Households saving bigger share of their incomes
Households continue to save an increasing share of their incomes, new figures show. In the third quarter of last year Irish households saved 16 per cent of total disposable income, according to Central Statistics Office data published yesterday.
The new figures, which have been adjusted for seasonal factors by statisticians for the first time, show that the savings rate in the third quarter was the second highest since figures were first compiled in 2002.
High savings rates are a feature of economies which have suffered collapsed property prices. In post-crash periods households, in an effort to pay down debt and strengthen their balance sheets, spend less on consumption over extended periods. This is among the most important reasons why recessions which take place after property crashes last longer than other types of recessions.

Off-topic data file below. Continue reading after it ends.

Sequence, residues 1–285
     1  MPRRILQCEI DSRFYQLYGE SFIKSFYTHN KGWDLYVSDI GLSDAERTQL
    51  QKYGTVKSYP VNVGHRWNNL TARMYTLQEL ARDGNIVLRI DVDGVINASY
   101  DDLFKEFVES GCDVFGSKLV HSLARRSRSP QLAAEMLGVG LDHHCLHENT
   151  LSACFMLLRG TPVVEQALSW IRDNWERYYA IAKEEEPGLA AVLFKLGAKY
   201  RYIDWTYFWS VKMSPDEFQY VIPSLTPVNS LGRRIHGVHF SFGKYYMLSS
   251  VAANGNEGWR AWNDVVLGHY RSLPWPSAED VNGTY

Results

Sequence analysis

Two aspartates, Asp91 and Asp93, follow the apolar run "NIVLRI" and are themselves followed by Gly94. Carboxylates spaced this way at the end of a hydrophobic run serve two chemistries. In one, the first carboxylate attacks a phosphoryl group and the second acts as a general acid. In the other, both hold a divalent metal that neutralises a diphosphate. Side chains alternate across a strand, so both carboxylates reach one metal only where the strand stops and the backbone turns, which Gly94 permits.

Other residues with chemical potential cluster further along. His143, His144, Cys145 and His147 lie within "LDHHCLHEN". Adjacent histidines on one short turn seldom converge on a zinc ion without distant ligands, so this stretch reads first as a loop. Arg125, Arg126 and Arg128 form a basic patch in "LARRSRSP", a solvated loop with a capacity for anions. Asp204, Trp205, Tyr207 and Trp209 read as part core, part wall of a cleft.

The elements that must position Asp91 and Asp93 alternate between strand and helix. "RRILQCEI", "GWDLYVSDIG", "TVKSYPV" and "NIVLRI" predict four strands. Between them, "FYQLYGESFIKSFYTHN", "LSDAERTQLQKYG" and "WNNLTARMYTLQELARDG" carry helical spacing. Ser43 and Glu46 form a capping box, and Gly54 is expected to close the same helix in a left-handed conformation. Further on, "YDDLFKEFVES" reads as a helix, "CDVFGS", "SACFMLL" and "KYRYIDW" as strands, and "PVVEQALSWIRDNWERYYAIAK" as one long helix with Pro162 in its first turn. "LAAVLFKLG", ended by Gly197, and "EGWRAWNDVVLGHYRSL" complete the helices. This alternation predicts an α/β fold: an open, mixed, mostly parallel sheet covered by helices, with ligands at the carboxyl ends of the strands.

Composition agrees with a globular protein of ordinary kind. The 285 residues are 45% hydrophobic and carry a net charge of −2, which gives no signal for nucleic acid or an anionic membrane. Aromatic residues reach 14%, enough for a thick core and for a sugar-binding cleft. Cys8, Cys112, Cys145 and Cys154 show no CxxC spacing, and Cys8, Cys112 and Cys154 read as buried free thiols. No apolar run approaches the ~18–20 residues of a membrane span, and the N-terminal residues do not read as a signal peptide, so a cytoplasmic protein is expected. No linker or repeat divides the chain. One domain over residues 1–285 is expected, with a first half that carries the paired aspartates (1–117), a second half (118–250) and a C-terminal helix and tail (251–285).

More positively, the total disposable income accruing to Irish households continued its solid recovery up to the third quarter of last year.
Following a sharp decline from end-2008 to the beginning of 2011, the trend has been solidly positive, with growth of more than 7 per cent between the third quarter of last year and the low point at the beginning of 2011. However, all the additional disposable income accruing to households is being saved. The amount households are spending has stagnated since the worst of the recession ended in late 2009.
The upward trend in the savings rate will come as a disappointment to the Government. Ministers and officials have repeatedly stressed the potential for more rapid recovery if households saved less and spent more of their incomes.